Those of you who follow this blog will of course know that I have performed ‘The Carol’ this year, by making my brand new film version of the show. What’s that you say? You didn’t know? Goodness I must have been remiss in not mentioning it in this forum before. Well, if you visit http://www.geralddickens.com/films.html you will be able to rent the film for seven days and watch it as many times as you like. There, I’m glad that I have cleared that one up.
So, with the filming in October and November, I have spoken the words of my scrip and I have re-found the voices and expressions that bring each character to life, but running it all together in an 85 minute show is a different matter. For the past few days I have pacing up and down, throughout the house and in the local supermarket, muttering lines to myself, dwelling over passages that don’t quite flow as they should.
Last weekend I introduced our daughters to A Christmas Carol as we sat down together to watch The Muppets do their thing, and it was fascinating to watch the film itself (which actually is a very useful resource for the script is very much grounded in Dickens’ original text) through the eyes of someone who has NEVER heard the story before. In a way watching my 8 year old’s reaction gave some insight as to how the citizens of London must have felt on December 19 1843, the day on which the book was first published. As Gonzo, Kermit, Fozzie and Miss Piggy told the story I expected my daughter to giggle and laugh manically, but throughout the film she asked questions about Scrooge and the plot as it unfolded, trying to make sense of the fantasy world that our ancestor had drawn us into. Her main concern was an interesting one, it wasn’t about Tiny Tim, or about Scrooge’s schooldays, she was most upset by the fact that Ebenezer never married the girl he truly loved. We see that Belle finds her own happiness , but Scrooge’s loss is permanent – in fact this is the only factor in his journey that is not resolved in some way.
Anyway, during our movie night I was sort of going through my script in my head along with the felt cast and at the point that Scrooge is cowering by the graveside with the Ghost of Christmas Yet to Come standing over him I had a realisation that there is a line from the novel that I MUST introduce to my script – a very sensible realisation to come to when I haven’t performed for 11 months! The line in question is: ‘Men’s courses foreshadow certain ends to which, if persevered in, they must lead, but if the courses be departed from the ends must change. Say it is thus with what you show me spirit.’ The line is so important to what comes next and I have no idea as to why I have never included it before.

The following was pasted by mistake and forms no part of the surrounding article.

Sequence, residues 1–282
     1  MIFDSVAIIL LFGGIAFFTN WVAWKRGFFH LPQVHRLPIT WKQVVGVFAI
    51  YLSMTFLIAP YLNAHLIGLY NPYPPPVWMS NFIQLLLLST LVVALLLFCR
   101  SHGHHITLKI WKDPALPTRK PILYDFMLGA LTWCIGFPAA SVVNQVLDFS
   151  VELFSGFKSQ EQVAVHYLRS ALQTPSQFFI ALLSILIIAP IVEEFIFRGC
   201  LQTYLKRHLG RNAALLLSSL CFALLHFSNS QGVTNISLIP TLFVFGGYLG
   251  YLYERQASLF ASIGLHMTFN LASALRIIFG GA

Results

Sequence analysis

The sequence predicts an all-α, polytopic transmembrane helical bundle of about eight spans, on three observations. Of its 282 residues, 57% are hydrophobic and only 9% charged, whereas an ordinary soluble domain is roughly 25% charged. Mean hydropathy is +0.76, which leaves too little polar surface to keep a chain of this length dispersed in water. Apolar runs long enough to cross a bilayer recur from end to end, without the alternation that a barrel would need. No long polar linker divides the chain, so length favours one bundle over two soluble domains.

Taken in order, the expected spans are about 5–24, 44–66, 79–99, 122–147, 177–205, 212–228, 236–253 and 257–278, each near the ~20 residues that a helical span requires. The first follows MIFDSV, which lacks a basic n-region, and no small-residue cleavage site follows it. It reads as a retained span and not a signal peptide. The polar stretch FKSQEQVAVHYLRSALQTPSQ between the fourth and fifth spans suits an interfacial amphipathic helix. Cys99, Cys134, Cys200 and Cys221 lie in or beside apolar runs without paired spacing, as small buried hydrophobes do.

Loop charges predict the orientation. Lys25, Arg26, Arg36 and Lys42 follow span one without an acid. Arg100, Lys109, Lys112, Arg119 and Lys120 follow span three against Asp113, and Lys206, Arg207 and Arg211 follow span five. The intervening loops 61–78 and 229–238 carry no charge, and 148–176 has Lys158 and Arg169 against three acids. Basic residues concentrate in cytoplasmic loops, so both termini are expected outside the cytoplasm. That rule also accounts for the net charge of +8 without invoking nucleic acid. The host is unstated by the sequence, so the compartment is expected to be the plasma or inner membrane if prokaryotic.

For the last few days I have concentrated on getting the new line well and truly wired into my brain, and then running the whole scene over and over (hopefully not to the detriment of the rest) to make sure that the lines around it aren’t affected by it either.
Now, on Saturday morning, I think that it is ready to be taken on the road with me.
The theatre for the great comeback is a new one to me: The Sharnbrook Mill Theatre, and it was only a week or so ago that I knew for certain that we would be good to go, as it was then that the UK government announced the various tiers of restrictions throughout the country. In fact my first show should have been on the 9th December in Kent, but that county was placed under the highest restrictions (Tier 3) leading to the cancellation of the performance. Sharnbrook fortunately is in Tier 2 and although the show will be presented with strict social distancing measures in place we are good to go.
The staff and volunteers at The Sharnbrook Mill Theatre are a persistent group and actually we first talked about a show way back in 2019; ever since they have reeled me in as an expert salmon fisherman might land a catch. The show is sold out for two performances, each followed by a question and answer session from the stage.
At 3 o’clock this afternoon I shall walk to the centre of the stage and as the sound effect of a ringing church bell dies away I will say – ‘Marley was dead to begin with’, and in doing so will breathe a tiny bit of life back into live theatre once more.
Being guided by my Facebook and OneDrive memory bank has meant that for a few days there has been nothing new to describe, as all of the posts have concerned the venues that I have already described: Nashua, The Berkshires, Omaha and Kansas City, but today a new one popped up: The Country Cupboard in Lewisburg, PA.
The Country Cupboard is a an amazing complex of destination, gift store and restaurant, the latter which offers the MOST SPECTACULAR buffet. I perform in a large function room on a wide stage, well lit and furnished, therefore giving me plenty of scope to play every scene properly. In my early years there the performance would be to a cabaret style audience, sat at large tables, but in recent years we have moved to a more traditional theatre setting. The audience are always enthusiastic and join in at the appropriate moments with great gusto, for many have seen the show multiple times and know when to, and more importantly when not to, shout out.